By Allison Campbell-Jensen
The Summer Institute’s introduction to life in graduate school includes the importance of knowing one’s subject librarian, plus steps to starting a research project.
“Think of us as your research assistants,” Librarian Kat Nelsen told a group of 26 incoming graduate students at her workshop on literature reviews. These participants in the Summer Institute arrive at the University of Minnesota from a variety of undergraduate institutions (and in some cases, even other countries). Staff from the U of M Libraries, along with their colleagues in the Graduate School Diversity Office, are among those who give them tips, advice, and direction as they prepare to enter their various graduate school programs.
The Summer Institute, a seven-week program that focuses on BIPOC and Native American students, has been going on for several years.
A few years ago, “we glommed on to it,” says Brian Vetruba, Librarian for European Studies, Jewish Studies, and Linguistics. He and Kate Peterson, Undergraduate Services Librarian, planned the Libraries’ contributions to the 2022 Summer Institute.
The results may not be realized for several years, yet as the new graduate students hunkered down to draw mind maps the first day with Vetruba, the intense concentration — a silence only punctuated by scribbling or keystrokes — had the atmosphere of a pop quiz.
Vetruba interrupted the quiet.
“Definitely, talk among yourselves. Research does not have to be done in isolation.”
These mind maps will be just the beginning of their relationships with Libraries’ liaisons, as they begin to visualize their research journeys.
The Summer Institute grad students also have opportunities to build relationships with faculty mentors and with peers from previous Summer Institutes. Whomever they are, all are united with Vetruba and Libraries’ colleagues in a single goal.
“We’re all here to help,” Vetruba told the students the first time he met with them. “We want you to succeed.”
Delving deeper into library lore
“I think Librarians work at a skill that I really heavily prioritize — being able to communicate things in a way that is broadly understandable and broadly applicable.”
Maya Rogers, whose hometown is Tulsa, Oklahoma brings a couple of advantages to this next, research-heavy phase of her studies in social psychology. Not only is her mother a reference librarian, and she herself growing up was a bit of a library mouse — always coming back to nibble more knowledge — she also was required to consult with reference librarians for class research regularly during her undergraduate years at Carleton College in Northfield.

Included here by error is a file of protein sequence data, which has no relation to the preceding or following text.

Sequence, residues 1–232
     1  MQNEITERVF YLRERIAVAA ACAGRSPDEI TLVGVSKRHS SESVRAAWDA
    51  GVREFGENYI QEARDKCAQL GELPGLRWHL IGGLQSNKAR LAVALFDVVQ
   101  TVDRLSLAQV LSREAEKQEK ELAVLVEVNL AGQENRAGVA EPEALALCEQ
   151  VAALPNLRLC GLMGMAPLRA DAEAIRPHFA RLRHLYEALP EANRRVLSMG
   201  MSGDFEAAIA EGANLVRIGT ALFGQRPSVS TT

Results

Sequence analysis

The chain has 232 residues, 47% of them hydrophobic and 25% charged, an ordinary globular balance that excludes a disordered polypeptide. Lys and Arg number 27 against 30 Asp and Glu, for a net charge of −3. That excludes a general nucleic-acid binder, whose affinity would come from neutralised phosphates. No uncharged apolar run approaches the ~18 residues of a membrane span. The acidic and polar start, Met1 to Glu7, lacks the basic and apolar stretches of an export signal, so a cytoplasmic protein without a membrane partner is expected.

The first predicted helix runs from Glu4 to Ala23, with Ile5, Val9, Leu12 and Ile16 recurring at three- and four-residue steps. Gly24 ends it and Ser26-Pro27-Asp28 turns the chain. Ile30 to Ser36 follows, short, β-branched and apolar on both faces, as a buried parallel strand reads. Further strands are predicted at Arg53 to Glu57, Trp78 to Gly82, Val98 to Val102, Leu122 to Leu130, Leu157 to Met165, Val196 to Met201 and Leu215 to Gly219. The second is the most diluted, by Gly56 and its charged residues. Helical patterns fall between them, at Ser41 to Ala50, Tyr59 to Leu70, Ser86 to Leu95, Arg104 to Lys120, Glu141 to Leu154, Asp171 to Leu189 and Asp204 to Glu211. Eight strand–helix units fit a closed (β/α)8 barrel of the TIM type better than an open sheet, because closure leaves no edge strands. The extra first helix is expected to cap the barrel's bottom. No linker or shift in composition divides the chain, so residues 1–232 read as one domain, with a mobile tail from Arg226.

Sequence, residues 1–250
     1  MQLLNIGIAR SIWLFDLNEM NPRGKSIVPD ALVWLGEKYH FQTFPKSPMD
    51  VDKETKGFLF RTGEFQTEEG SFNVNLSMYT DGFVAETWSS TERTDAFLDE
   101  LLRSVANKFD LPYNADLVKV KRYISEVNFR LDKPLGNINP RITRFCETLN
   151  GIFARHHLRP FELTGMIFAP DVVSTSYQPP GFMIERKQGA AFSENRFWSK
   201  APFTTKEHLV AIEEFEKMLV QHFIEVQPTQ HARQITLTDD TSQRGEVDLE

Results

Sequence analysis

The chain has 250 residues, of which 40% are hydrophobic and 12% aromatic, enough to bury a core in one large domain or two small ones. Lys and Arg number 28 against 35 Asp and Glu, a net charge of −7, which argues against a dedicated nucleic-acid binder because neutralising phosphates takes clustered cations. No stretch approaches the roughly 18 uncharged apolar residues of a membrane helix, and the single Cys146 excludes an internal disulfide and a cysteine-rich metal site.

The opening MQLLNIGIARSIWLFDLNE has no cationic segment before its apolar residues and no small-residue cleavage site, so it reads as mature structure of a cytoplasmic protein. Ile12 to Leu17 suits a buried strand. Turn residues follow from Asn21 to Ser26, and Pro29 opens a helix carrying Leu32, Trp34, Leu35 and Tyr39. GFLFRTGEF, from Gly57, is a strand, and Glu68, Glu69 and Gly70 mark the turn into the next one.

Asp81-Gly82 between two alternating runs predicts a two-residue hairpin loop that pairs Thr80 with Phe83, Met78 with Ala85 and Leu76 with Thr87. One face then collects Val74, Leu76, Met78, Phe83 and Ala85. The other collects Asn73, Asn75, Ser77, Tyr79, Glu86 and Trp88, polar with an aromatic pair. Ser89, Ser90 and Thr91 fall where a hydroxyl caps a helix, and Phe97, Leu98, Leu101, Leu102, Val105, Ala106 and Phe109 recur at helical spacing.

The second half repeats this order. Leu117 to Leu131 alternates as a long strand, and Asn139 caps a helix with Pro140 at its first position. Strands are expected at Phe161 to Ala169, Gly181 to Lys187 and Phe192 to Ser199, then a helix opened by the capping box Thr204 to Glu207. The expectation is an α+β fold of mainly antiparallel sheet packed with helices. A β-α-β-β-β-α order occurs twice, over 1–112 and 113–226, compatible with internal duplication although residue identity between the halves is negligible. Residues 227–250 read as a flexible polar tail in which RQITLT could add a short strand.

Still, even though Rogers is well acquainted with Boolean operators — the search terms and, or, and not, by which “Vikings not football” yields 792 results in a U of M Libraries catalog search, while “Vikings and football,” 25, she has plenty to learn.
She appreciated Vetruba’s brief introduction to citation managers, like Zotero, which later was reinforced by an important tip from Nelsen.
“To make it easier for your future self,” Nelsen says, “it’s best to get organized now.”
Looking back at her undergrad experience and ahead to full-blown graduate-level study, Rogers heartily agrees. “It’s much easier said than done,” she says, “but it’s so worth it in the long run if you can get yourself organized from the get-go.”
Another valuable study trick — the SQ3R technique — was presented by Kristen Mastel, Outreach and Instruction Librarian, and Erin Reardon, Medical School Librarian. Rogers is very good at identifying sources — for her Summer Institute research project on the efficacy of financial incentives in promoting COVID vaccinations, she found 24 items. Getting through all of them and processing what she needs during a seven-week course packed with workshops and activities could be a challenge, however. So, she says SQ3R “really resonated with me: surveying, questions, reviewing. I found that to be really helpful.”
Coming from a variety of backgrounds, and enrolled in disciplines from Integrative Biology and Physiology (Medical School) to the MFA program in Creative Writing (CLA), the incoming grad students are variously prepared for the challenges ahead — which is exactly what the Summer Institute is designed to do: get them off on a strong start.
Librarians are just a few members of the Summer Institute team, which also includes four grad student mentors and their various faculty advisors. Rogers found the librarians she worked with to be worthy role models.
“I think Librarians work at a skill that I really heavily prioritize — being able to communicate things in a way that is broadly understandable and broadly applicable,” she says.
“I have several takeaways from each of the workshops” — on anti-racist research, Browzine journal projects, literature reviews, and reading effectively — “that I think will help me, as I continue into more research.
“I’ll definitely be using librarians,” Rogers adds. “I’m a big fan.”